A Flea in the Fur of the Beast

“Death, fire, and burglary make all men equals.” —Dickens

Romney’s failure to offer credible policy ideas will lead to more #RomneyShambles

by pdxblake

There are so many ways to make fun of Romney now, it has even started a cottage industry of #RomneyShambles, #Mitthitsthefan, and my favorite, #AmericanBorat tweets (perhaps Romney can help the economy after all, at the expense of his political future).  It appears that, despite being a politician since at least 2002 (when he became governor of Massachusetts) and a presidential candidate in 1946 2006, Romney has absolutely no intuition on when he should lie to spare a country’s feelings (not just lie to try and make an opponent look bad).

However, the policy Romney is not much different than the travelling Romney: they are both unwilling to realize that things have changed and he needs to change with them.  With his gaffe-tastic Day 1 outside of the US, he missed that he should speak about the Olympics and the English differently than he would when appearing on Fox News.  In a similar way, Ezra Klein describes how Romney has refused to modify any of the Bush Administration’s standard policy responses, despite the huge financial crash and recession that Bush left flaming on Obama’s doorstep that would for most people lead to a re-think of policy.

Lower taxes, fewer regulations, more domestic energy production, promises of deficit reduction that are quickly overwhelmed by increased defense spending and reduced tax revenues, and glossy rhetoric about economic freedom pretty much defined the Bush administration’s economic policy. And how did that economic policy work out?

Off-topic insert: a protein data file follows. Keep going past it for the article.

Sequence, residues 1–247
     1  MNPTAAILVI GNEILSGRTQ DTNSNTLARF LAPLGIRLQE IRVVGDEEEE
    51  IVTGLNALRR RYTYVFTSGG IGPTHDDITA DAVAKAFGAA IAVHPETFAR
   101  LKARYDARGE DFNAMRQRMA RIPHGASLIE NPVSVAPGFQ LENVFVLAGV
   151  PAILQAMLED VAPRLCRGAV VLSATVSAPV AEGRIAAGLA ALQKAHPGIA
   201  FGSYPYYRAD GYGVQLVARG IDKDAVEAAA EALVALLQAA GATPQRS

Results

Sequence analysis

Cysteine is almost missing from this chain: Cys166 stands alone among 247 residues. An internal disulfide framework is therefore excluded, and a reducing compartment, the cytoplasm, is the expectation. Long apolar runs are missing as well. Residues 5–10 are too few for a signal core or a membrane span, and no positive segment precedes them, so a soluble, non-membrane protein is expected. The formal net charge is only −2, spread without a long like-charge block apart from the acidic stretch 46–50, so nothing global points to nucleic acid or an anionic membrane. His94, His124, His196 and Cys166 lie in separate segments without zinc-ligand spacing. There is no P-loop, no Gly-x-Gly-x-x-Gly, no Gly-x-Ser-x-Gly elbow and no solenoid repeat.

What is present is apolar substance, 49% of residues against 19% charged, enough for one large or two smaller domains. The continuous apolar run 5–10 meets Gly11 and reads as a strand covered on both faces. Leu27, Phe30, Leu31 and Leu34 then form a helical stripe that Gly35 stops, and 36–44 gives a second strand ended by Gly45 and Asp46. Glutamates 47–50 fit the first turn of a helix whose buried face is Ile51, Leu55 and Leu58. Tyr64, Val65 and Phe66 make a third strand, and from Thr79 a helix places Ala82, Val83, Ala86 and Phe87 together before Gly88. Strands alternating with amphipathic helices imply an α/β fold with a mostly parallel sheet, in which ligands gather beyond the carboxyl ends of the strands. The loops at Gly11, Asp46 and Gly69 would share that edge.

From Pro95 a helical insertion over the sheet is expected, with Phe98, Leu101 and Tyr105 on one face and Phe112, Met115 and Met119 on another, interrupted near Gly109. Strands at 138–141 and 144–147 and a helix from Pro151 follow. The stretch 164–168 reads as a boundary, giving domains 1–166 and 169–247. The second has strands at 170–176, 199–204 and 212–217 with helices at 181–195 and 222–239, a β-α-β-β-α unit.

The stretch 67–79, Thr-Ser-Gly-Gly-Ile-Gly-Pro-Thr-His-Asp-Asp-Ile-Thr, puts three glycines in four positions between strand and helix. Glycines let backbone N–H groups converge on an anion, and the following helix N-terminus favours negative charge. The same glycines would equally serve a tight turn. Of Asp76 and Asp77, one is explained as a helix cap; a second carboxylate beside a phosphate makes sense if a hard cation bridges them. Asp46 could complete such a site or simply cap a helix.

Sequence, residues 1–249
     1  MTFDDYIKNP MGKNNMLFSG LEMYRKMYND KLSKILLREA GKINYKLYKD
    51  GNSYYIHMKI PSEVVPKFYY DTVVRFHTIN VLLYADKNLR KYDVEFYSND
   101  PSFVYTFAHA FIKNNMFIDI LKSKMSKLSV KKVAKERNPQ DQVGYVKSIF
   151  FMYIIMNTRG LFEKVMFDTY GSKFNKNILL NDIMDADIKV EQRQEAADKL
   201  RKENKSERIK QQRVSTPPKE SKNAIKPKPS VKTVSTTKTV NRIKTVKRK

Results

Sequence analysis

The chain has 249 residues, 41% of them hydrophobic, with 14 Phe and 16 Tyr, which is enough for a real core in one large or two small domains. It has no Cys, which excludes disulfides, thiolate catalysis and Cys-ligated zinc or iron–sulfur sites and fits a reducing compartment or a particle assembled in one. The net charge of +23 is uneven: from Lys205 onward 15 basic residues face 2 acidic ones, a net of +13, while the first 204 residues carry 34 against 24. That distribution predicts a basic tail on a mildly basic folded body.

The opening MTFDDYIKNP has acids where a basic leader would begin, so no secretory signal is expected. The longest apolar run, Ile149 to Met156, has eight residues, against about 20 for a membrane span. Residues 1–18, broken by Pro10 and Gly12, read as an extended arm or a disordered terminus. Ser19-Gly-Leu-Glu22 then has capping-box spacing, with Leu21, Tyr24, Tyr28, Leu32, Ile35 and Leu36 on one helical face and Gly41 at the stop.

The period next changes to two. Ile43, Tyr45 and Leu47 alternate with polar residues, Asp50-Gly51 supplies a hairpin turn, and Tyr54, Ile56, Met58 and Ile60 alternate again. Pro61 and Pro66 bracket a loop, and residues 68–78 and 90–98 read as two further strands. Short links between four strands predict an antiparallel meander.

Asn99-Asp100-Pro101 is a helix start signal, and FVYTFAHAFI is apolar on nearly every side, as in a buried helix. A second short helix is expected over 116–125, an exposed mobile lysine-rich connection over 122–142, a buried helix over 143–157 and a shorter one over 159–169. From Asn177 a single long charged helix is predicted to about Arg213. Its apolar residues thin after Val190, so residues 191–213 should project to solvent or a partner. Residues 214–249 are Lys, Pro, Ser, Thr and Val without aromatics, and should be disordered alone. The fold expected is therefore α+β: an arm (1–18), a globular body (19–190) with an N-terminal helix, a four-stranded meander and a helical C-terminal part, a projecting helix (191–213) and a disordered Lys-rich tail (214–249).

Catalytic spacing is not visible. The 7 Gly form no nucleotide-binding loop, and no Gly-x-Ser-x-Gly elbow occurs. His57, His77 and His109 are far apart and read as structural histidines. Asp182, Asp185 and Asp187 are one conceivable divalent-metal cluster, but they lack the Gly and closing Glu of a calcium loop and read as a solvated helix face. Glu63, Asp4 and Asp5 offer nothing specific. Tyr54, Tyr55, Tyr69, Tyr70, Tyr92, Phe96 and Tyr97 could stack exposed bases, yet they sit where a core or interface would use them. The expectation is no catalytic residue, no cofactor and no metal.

It was a disaster.

The best chart (of the many good ones) in the post is from the Center for American Progress (full report here (PDF)) below.  It shows average monthly job growth by year for the last 3 economic cycles (1974 – 2007), not including the steep fall that followed the financial crisis in his final year in office.  Under Bush’s policies, which are incredibly similar to what Romney is advocating for, job growth was anemic compared to previous years when the economy was growing.  Romney is campaigning on the basis of his experience as an outsourcing pioneer job creator from when he was at Bain, yet says he will bring back the policies of George W. Bush, who has one of the worst track records in terms of job creation while he was in office.

With a track record like that for the specific policies that Romney supports, it’s no wonder Romney has to resort to just attacking Obama for things he never did or said.  His worst nightmare is that America might for a change have a serious discussion about the policies that led us into financial crisis like financial deregulation and realize that returning to those same old policies is a recipe for another crisis down the road, with little if any short term benefits.

London’s Burning With Romney Now

by evanmcmurry